Archive for July, 2013
During your company’s last budget summit, chances are the tools you used during the meeting were probably the same ones you’ve been using for years: Flip charts, whiteboards, Post-Its, Powerpoints and index cards. But with all the technological advancements of the last decade, doesn’t it seem like those tools are a little old-fashioned?
The designers at Haworth thought so. That’s why they teamed up with the a San Francisco-based tech company to create Bluescape, a digital interface that brings to life all that wow-inducing technology we lusted after on “Minority Report.”
“Bluescape is an infinite, collaborative workspace designed to accelerate decision-making by enabling anyone to create, communicate, visualize, organize, and strategize virtually anything, anywhere, anytime,” according to the Haworth website.
The cloud-based technology platform allows decision makers and teams to solve problems and communicate with each other from anywhere around the world via iPads, laptops and other mobile devices. But the centerpiece of the the product (and the most jaw-dropping part) is the wall-sized touchscreen made from 15 55-inch flat screen monitors each equipped with 32 sensors that can read a user’s hand movements.
While the technology isn’t available to purchase just yet, it’s already garnered a lot of buzz, nabbing the Best of Neocon 2013 Gold Aware and Best of Neocon 2013 Best of Competition last month in Chicago.
“The scale of this technology is just mind-blowing, that you can have such a large canvas to work with and so many people interacting with it,” Carnegie Mellon University entrepreneurship professor Stuart Evans told BusinessWeek. Stuart has been testing a Bluescape system in his classroom for more than a year now.
The concept for Bluescape was born in 2006 when Haworth’s own designers were reviewing the company’s seating portfolio. Small cards for each product were printed and pinned to a wall, allowing the designers to view all of the seating products at one place, at one time for the first time ever. However, the setup didn’t allow for designers to re-categorize or re-organize the products.
Flash forward to 2010 when a Haworth salesman called the designers to tell them about Obscura Digital, a tech company that specialized in large-scale, high-resolution, multi-touch display solutions. After meeting with the award-winning creative technology studio, Haworth knew it’d found the perfect partner for its foray into creating a brand-new type of business technology.
How Does it Work?
Bluescape attempts to knock down the silos that hinder traditional businesses, inhibiting connectivity and growth. With the software, users are given 160 acres of space (the equivalent of 146 football fields) on which team members can work together or apart. That’s a bit more room than that wall with photos pinned all over it.
The “digital ecosystem” features multitouch screens that can be used to share information and build ideas with an organic interface based on common activities like writing and erasing, enlarging and minimizing, moving objects and navigating (users should find a lot of the movements mimic how they’d interact with a smartphone). Users can share everything from blueprints to internet browsers to videos. All collaboration happens in real-time; any team member with an internet connection can participate in meetings remotely as their colleagues work on the physical wall.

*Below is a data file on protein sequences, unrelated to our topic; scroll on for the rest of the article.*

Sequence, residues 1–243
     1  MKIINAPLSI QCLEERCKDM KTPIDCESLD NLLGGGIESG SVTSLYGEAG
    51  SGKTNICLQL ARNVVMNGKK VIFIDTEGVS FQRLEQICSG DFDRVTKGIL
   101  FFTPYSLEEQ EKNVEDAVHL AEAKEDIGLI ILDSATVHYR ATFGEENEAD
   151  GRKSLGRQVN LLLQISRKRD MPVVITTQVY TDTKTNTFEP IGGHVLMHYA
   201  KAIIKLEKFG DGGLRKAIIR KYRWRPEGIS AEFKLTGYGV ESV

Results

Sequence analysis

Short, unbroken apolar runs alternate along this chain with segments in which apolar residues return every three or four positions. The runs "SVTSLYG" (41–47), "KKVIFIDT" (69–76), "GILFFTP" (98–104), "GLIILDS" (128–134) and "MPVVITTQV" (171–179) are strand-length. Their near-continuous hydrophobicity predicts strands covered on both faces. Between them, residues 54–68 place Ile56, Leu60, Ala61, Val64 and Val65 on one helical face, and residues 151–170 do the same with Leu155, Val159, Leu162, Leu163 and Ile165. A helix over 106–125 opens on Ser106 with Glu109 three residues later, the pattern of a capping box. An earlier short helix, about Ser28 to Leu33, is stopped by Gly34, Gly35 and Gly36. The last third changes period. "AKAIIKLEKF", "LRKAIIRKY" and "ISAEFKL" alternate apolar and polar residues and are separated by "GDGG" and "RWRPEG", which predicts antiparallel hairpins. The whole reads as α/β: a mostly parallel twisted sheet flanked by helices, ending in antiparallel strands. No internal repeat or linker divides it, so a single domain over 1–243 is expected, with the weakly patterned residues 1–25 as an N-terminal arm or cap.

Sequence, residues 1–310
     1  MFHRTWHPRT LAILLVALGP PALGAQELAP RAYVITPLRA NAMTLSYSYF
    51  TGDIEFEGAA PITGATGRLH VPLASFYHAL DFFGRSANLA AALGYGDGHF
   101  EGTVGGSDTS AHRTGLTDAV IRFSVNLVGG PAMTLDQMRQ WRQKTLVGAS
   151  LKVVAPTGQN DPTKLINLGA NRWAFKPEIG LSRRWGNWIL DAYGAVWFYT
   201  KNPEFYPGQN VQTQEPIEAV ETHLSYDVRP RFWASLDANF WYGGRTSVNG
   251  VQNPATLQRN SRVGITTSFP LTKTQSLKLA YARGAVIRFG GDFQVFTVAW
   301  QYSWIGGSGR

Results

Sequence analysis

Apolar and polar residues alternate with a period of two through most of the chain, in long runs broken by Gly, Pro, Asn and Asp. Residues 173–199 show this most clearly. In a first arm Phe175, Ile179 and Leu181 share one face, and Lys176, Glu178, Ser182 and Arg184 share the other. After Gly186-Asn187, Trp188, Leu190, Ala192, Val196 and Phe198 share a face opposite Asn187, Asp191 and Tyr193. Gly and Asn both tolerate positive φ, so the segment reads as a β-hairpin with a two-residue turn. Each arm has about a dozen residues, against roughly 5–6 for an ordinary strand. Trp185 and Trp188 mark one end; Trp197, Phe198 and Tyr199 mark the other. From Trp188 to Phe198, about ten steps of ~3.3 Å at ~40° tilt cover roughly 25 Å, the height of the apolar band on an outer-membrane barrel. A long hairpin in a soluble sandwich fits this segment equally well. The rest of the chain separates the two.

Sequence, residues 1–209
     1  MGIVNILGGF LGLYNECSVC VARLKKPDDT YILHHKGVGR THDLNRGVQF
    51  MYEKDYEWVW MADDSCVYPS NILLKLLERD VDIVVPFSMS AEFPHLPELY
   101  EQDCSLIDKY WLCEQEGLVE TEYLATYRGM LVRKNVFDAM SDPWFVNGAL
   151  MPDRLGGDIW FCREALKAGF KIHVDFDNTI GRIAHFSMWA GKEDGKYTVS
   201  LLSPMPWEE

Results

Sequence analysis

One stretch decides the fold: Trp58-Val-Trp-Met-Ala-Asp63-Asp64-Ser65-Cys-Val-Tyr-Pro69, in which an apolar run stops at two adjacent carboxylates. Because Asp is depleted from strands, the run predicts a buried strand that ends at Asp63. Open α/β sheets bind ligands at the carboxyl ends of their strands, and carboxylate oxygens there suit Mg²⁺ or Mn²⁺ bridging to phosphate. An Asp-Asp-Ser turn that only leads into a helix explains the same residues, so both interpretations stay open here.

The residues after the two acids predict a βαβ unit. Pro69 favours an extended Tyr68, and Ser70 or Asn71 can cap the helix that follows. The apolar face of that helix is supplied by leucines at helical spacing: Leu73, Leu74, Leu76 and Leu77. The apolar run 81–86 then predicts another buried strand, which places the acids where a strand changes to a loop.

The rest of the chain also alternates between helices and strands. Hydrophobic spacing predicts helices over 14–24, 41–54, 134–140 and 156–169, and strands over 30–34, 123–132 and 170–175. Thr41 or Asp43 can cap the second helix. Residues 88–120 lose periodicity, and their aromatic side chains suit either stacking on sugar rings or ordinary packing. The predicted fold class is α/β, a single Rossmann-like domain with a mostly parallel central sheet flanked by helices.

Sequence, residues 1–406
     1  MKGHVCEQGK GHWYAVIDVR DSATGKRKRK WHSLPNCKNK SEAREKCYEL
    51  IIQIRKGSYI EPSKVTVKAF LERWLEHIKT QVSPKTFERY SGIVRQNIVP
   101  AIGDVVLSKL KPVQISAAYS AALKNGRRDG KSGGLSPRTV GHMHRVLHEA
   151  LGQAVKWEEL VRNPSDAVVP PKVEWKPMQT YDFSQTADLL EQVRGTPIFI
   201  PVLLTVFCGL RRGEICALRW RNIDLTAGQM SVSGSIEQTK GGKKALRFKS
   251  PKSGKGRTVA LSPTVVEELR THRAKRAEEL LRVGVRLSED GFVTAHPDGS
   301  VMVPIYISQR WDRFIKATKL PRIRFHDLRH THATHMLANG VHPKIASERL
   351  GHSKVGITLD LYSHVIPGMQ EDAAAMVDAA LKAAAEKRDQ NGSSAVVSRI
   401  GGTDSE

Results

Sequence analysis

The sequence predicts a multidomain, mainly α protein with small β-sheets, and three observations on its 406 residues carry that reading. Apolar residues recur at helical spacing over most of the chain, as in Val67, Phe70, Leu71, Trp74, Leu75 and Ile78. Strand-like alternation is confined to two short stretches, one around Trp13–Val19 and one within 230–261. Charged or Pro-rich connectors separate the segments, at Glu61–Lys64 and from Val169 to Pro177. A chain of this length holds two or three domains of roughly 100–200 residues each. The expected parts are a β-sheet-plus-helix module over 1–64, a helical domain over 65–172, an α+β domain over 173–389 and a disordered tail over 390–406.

Since the act of physically writing something can have more meaning than typing, Bluescape comes with a stylus that can be used like a pen and captures the users handwriting with line quality that’s better than a dry-erase marker on a whiteboard. The ability to electronically pin objects and add sticky notes also furthers the more familiar experiences of working on a project.
Rather than just see one thing at a time, users can view more information, from multiple datasets to graphs or photos, on a larger scale, allowing them to find patterns, trends, and relationships more readily.
Team members can feel free to share new ideas as they come, rather then waiting for the next meeting, which allows product creation to move faster. All projects can be developed, saved and referred to over and over, creating a virtual timeline of work. Each session is considered an intellectual property of the company and is securely saved for review anytime that’s needed.
Who’s Buying It
As of early May, there were nearly 30 potential customers testing Bluescape, according to Businessweek, including a film company, architectural firm, hotel chain and some manufacturers.
Companies interested in buying their own Bluescape better start saving their pennies.
Scott Poulton, Haworth’s vice president for strategic ventures and chief executive officer of the Bluescape subsidiary, told Businessweek that a basic setup with just a single monitor runs for around $30,000. For a larger setup, like the 15-screen version referenced earlier, you’ll pay upwards of $1 million.Visit Susan Jennings on Google+
Over the last 10 years that Arnolds Office Furniture installer Brandon Bick has been on the job, he’s delivered and assembled workspaces for thousands of companies across the country and internationally.
To say that he knows a thing or two about office furniture is a bit of an understatement.
Bick’s hauled and installed office furniture in every state except Hawaii (he says Arizona, Colorado and Utah are his favorite scenery-wise) for companies ranging in size from home-based businesses in need one or two desks to an IRS building that needed to be outfitted with 1,000-plus cubicles.
From private companies to military units to government offices, he’s pretty much done it all.
He’s even had the opportunity to travel overseas on jobs.
“If it’s a really large-scale job and they want to make sure it’s done right, they’ll send me out to supervise it. But besides that I mainly do in-country,” he said in a recent interview, during which he was moving around some extremely heavy objects. (We, of course, did nothing to help him; our weak arms could barely hold up the digital recorder we used to learn more about his job.)
The amount of time it takes to install cubicles varies, of course, on the size of the company. Large jobs like the IRS building took three months to complete, Bick said, but for a smaller company needing 35 or so cubicles, it usually takes just three to five days. Other factors play into install time as well, like whether the client is getting new versus used cubicles and how big his crew is. For large installs, Bick makes use of a bigger crew lead by project managers who finish the jobs quickly and efficiently.